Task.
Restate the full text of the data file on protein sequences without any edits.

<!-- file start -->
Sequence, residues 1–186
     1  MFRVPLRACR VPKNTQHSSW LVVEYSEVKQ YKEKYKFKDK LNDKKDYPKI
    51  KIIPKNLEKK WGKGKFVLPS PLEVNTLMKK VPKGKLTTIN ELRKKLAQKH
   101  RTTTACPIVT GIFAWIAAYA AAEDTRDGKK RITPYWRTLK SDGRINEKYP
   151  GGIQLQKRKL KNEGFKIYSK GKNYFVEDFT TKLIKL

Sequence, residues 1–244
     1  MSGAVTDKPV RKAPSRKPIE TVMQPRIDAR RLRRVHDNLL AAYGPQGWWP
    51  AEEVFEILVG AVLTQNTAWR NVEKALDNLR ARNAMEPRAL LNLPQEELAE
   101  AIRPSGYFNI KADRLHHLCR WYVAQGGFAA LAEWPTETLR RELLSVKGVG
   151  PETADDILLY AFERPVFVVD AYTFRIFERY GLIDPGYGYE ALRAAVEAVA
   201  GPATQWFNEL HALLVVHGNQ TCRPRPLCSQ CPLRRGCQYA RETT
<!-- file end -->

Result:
Sequence, residues 1–186
     1  MFRVPLRACR VPKNTQHSSW LVVEYSEVKQ YKEKYKFKDK LNDKKDYPKI
    51  KIIPKNLEKK WGKGKFVLPS PLEVNTLMKK VPKGKLTTIN ELRKKLAQKH
   101  RTTTACPIVT GIFAWIAAYA AAEDTRDGKK RITPYWRTLK SDGRINEKYP
   151  GGIQLQKRKL KNEGFKIYSK GKNYFVEDFT TKLIKL

Sequence, residues 1–244
     1  MSGAVTDKPV RKAPSRKPIE TVMQPRIDAR RLRRVHDNLL AAYGPQGWWP
    51  AEEVFEILVG AVLTQNTAWR NVEKALDNLR ARNAMEPRAL LNLPQEELAE
   101  AIRPSGYFNI KADRLHHLCR WYVAQGGFAA LAEWPTETLR RELLSVKGVG
   151  PETADDILLY AFERPVFVVD AYTFRIFERY GLIDPGYGYE ALRAAVEAVA
   201  GPATQWFNEL HALLVVHGNQ TCRPRPLCSQ CPLRRGCQYA RETT